FAA officials told leaders of the light sport aircraft (LSA) industry at Oshkosh last week that an assessment of several LSA manufacturers will begin in September to determine the overall health of the industry.
The “health” issues include determining whether companies are in compliance with ASTM (American Society of Testing and Materials) standards, as well as other ASTM requirements.
Some of the leading manufacturers have told the FAA that while most manufacturers of the two-seat aircraft are meeting ASTM standards, others are flaunting the rules. The assessment approach resulted from a meeting with light sport leaders and the FAA.
The FAA has picked 29 of the first 52 manufacturers to offer light sport aircraft for the assessment.
While manufacturers referred to the FAA effort as an audit, the FAA prefers the term “assessment.” FAA officials want the industry to see the effort as a positive, proactive move, especially in light of skepticism at the NTSB about light sport self-certification. NTSB officials are reportedly “very nervous” about the self-certification process on which LSAs are based. It is hoped the NTSB will see the assessments as a positive step toward determining if the industry is in compliance with ASTM standards.
One concern heard at Oshkosh last week was the failure of some companies to offer a proper pilot’s operating handbook. In addition, accident investigations have shown that some customers, through no fault of the manufacturers, have made modifications that exceed the maximum allowed weight of their light sport aircraft.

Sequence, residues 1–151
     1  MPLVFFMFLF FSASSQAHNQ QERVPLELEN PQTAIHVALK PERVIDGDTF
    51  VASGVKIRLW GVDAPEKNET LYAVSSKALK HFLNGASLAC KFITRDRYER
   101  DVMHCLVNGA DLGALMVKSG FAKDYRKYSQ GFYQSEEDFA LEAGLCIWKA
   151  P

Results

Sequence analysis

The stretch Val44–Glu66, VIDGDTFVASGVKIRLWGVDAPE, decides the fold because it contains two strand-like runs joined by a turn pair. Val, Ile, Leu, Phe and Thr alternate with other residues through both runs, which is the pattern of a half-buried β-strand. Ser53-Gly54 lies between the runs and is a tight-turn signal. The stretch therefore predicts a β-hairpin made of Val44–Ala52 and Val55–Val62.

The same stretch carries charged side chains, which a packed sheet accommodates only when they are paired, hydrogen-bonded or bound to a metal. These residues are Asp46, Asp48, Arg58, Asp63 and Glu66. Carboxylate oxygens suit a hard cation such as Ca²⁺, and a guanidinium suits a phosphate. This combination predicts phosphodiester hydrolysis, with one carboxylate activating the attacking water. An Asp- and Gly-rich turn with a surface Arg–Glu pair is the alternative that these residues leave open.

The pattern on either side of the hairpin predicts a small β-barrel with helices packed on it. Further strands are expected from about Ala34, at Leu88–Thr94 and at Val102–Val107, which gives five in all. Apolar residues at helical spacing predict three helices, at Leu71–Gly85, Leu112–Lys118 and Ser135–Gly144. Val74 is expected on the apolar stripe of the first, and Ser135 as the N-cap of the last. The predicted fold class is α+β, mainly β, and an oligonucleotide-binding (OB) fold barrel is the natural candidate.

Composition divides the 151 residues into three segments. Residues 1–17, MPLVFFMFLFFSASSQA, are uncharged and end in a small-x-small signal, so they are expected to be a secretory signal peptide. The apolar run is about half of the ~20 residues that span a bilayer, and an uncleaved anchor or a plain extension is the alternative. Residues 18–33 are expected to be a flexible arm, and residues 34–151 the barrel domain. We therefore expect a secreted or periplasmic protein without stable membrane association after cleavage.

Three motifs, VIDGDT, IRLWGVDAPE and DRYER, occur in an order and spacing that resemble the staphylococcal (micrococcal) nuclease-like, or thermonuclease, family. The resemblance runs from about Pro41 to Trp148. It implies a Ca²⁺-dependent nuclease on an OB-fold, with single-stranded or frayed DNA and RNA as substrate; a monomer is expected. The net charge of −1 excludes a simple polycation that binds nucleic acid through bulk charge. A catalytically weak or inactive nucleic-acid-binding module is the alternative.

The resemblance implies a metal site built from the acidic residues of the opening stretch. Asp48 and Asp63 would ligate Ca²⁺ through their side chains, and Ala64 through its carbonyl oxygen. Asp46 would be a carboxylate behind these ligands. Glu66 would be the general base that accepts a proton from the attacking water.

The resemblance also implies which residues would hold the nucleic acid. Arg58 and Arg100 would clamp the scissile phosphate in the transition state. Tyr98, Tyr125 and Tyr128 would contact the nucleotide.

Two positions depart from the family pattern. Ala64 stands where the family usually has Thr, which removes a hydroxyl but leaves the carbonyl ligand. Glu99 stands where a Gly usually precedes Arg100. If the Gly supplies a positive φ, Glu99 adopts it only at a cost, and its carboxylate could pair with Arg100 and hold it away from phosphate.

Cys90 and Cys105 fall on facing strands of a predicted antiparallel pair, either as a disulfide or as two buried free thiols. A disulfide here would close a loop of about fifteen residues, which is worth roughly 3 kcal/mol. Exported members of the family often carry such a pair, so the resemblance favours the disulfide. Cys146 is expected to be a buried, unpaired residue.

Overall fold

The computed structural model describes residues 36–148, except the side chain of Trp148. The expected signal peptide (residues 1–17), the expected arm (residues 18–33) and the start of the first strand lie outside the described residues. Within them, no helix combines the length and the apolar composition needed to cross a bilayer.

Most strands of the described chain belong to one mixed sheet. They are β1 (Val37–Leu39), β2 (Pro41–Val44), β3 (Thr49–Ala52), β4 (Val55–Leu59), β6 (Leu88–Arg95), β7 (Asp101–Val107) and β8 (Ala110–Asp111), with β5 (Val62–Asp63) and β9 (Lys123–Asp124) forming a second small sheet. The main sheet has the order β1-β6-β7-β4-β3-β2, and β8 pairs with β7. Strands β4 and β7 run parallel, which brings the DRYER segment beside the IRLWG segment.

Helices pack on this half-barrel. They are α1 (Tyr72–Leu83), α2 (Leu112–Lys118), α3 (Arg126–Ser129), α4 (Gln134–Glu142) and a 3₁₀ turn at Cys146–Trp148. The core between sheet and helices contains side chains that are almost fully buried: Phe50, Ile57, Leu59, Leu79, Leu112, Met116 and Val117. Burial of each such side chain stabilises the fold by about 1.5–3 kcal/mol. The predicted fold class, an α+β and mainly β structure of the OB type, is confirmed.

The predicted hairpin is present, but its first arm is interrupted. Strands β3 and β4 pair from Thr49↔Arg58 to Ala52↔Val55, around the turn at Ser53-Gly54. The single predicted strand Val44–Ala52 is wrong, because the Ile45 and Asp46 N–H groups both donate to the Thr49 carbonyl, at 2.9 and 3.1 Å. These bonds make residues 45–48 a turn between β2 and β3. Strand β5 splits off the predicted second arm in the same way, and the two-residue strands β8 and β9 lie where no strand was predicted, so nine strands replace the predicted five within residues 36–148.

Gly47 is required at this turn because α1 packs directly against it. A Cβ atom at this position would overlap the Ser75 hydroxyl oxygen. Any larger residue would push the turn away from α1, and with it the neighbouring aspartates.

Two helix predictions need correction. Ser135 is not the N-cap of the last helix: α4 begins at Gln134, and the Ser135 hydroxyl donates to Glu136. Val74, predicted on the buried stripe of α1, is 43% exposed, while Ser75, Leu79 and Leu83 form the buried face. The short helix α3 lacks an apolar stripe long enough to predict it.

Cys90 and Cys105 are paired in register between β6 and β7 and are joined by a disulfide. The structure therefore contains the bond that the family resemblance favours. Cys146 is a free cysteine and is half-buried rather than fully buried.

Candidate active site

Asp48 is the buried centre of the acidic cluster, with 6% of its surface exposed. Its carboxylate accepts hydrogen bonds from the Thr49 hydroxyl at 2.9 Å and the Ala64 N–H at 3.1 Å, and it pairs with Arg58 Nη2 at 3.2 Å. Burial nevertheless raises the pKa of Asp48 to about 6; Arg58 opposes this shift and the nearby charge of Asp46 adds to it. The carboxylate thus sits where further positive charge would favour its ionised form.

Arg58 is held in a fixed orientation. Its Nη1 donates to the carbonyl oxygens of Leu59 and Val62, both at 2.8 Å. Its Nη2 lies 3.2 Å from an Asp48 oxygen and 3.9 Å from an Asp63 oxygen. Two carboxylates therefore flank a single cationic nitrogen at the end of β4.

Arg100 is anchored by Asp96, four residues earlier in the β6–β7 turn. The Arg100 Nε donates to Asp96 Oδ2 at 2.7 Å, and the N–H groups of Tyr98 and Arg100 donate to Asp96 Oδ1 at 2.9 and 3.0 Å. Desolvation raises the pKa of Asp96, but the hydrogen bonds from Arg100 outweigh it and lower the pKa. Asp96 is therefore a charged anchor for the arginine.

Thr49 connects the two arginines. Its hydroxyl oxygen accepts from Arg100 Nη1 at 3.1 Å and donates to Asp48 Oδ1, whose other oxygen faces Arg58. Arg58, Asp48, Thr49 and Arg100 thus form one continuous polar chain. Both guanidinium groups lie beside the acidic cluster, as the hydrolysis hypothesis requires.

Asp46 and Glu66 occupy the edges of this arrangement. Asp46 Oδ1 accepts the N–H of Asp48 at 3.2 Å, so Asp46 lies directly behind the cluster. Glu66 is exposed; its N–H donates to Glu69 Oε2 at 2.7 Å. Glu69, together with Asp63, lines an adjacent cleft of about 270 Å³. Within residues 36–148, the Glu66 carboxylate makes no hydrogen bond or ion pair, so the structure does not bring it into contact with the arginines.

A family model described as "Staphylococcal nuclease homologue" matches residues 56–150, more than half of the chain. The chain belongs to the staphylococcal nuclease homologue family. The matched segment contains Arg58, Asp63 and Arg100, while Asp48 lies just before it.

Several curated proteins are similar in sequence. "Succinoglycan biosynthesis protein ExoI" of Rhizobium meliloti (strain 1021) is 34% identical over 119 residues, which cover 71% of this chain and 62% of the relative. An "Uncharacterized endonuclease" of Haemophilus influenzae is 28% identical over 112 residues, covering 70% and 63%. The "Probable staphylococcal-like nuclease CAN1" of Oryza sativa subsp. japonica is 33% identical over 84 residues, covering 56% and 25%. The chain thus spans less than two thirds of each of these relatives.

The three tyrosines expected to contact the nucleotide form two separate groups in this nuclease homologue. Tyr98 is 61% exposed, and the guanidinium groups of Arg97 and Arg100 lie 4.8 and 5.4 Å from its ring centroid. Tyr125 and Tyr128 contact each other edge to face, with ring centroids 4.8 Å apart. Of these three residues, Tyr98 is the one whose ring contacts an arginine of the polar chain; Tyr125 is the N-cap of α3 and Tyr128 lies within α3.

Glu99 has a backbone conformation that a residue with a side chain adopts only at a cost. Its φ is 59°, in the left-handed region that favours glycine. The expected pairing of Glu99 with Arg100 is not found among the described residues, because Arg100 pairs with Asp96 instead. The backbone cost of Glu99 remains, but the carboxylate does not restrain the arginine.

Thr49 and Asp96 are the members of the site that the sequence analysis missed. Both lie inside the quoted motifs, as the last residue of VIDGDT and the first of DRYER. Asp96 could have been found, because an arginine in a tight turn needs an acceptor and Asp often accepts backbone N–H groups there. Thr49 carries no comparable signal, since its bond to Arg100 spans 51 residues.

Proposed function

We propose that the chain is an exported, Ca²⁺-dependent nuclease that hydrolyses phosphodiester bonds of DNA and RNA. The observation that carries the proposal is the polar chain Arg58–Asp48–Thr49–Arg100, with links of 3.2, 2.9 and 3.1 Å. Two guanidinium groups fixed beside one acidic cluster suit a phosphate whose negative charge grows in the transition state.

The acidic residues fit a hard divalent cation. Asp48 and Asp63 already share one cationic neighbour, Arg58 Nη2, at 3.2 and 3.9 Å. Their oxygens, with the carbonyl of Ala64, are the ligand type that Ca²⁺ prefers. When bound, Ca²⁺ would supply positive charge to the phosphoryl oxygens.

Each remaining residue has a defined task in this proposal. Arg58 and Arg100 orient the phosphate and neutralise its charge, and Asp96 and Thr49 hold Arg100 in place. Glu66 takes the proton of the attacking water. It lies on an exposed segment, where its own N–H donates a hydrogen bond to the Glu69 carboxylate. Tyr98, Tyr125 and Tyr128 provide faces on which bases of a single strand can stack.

While the FAA can’t confirm such information, the assessments will determine “...if there are issues in these areas as well as other requirements of the ASTM standards,” one FAA official said.
At a meeting with the industry at Oshkosh, the question was raised to FAA officials about whether the FAA can carry its assessment overseas, since most LSA manufacturers are in Europe. In fact, the leading seller, the Flight Design CT, is offered by a German company. An FAA official told AOPA Online that the initial assessment will be based on distributors in the United States, but if the data warrants, the FAA can seek information from the manufacturers in Europe.
The FAA has no intent to shut down companies. Rather, the FAA seeks compliance with the ASTM standards.
So far there seems to be no evidence of a long-expected industry shakeout. That shakeout has been anticipated since the beginning of the light sport industry but was based on sales competition. Some have predicted the 84 models as currently listed on bydanjohnson.com might ultimately be reduced to five or 10 as customers decide which they like best.